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Friday October 4, 2013History Lesson: Gators-Razorbacks Series About Quality Over Quantity

Chris Harry
By Chris Harry Senior Writer

GAINESVILLE, Fla. -- On the list of so-called rivals, Arkansas doesn’t sniff the University of Florida’s top 10. Not even close. The two schools have only played nine times in their programs’ combined 227 years of football.


But squeezed into that mini-series -- all in the last 33 years, by the way -- the Gators and Razorbacks have played some significant (in a couple cases high-stakes) games that paved the way for UF’s ascension to its place among the preeminent programs in the nation.

The ramifications of the 10th meeting Saturday night at Florida Field won’t have the significance of the first two games on the below list. But who knows? The first night game in the “Swamp” since 2011 may offer something to remember in a series the Gators lead 8-1, including eight straight victories.

So my latest history lesson recalls five of the most memorable games (that would be more than half of the all-time series) the Gators and Hogs have played.

Dec. 2, 2006
SEC Championship Game (Atlanta)

Fourth-ranked Florida had a 10-point lead on No. 8 Arkansas at halftime when word came down that UCLA stunned second-rank USC, an outcome that suddenly put the Gators in prime position to play for a national championship.

First, they had to finish off the Hogs, and that looked like a problem after Arkansas came out of the locker room and scored back-to-back touchdowns following a pair of Chris Leak interceptions. The Razorbacks, once down 17-0 and seeking their first SEC title since joining the league in 1992, led 21-17.

After a third failed UF possession, the game turned when Arkansas punt returner Reggie Fish tried to field a kick with an over-the-shoulder catch near his goal line. Fish fumbled into the end zone, where UF’s Wondy Pierre-Louis fell on the ball for a touchdown to give the Gators back the lead.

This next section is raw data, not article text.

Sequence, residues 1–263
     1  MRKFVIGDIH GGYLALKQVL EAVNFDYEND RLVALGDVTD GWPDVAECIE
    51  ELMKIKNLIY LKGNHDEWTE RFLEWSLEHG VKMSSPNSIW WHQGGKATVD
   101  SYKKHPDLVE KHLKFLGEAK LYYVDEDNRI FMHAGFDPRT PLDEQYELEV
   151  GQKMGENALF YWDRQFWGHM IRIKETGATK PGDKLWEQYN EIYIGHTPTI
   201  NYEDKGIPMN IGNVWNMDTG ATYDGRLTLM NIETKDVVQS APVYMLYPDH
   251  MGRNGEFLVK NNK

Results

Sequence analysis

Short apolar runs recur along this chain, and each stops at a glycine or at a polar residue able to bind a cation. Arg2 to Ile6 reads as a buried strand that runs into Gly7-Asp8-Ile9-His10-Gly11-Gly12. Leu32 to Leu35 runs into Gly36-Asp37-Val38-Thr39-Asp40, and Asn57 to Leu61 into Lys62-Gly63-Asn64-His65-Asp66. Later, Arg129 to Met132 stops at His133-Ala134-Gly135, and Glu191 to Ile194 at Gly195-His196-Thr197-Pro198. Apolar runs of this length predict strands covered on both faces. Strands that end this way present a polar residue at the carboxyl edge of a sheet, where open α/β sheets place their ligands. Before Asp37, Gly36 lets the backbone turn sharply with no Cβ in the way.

Then early in the fourth quarter, Percy Harvin (11 touches, 167 yards of total offense, 2 TDs) took what appeared to be a handoff for an end run, but reversed his field and split the Arkansas defense for a numbing 67-yard touchdown run and 10-point lead, as the Gators went up by 10 and went on to the victory.

Immediately after the game, the Gators (players, coaches and even one rather prominent administrator) began stumping for UF’s shot at No. 1 and undefeated Ohio State in the national championship game. With the USC loss, the Gators needed only to vault No. 3 Michigan, which had lost to the Buckeyes the week before.

“Michigan had its chances,” Harvin said.

“We're going to tell a group of young men who just went 12-1 with the most difficult schedule against six ranked opponents that they don't have a chance to go play for a national championship?” Florida coach Urban Meyer asked. “I'm going to need help with that one.”

He got help from UF president Bernie Machen: “If they don't vote for us after tonight, we need a new system. We should be packing our bags for Glendale.”

The next day, packing for Arizona commenced.

Of course, the Gators destroyed the Buckeyes and Heisman Trophy winner Troy Smith 41-14 in the BCS national championship game five weeks later.

Dec. 2, 1995 
SEC Championship Game (Atlanta)

Whatever drama was left -- and it wasn’t much -- evaporated with what the Razorbacks probably thought was a simple pitchout and a chance to salvage a little respect on the scoreboard.

No. 2 UF led 24th-ranked Arkansas 24-3 late in the third quarter, with the Hogs threatening on the Florida 3. That was when quarterback Barry Lunney optioned to his left and was being taken down by defensive tackle Ed Chester when he flipped the ball toward tailback Marius Johnson.

Instead, it went into the hands of UF linebacker Ben Hanks, who went untouched 95 yards for the touchdown.

The Gators not only were on their way to a third straight SEC title and first perfect regular season in school history, but also to the Fiesta Bowl national championship game -- UF’s first berth in college football’s title game -- to face reigning champ Nebraska.

And for those who recall the latter, yes, this was the high point of the season. 

“We had victories on the line tonight. If we had stubbed our toe there would’ve been some sad, sad Gators,” said UF coach Steve Spurrier, whose consolation prize had his team lost that night would have been a trip to the Citrus Bowl in Orlando. “We’d never had a game where basically the whole season was at stake. We couldn’t tell our players that or tell them the money difference between the Fiesta and the others. So we told ‘em this was for the SEC championship and to relax, have fun and have a go at Arkansas.”

Junior quarterback Danny Wuerffel, who would finish third in the Heisman Trophy balloting the following week, hit 20 of 28 passes for 288 yards and touchdowns to Chris Doering and Ike Hilliard. He also ran for a score.

“We knew we almost had to play perfect to beat them,” Razorbacks coach Danny Ford said.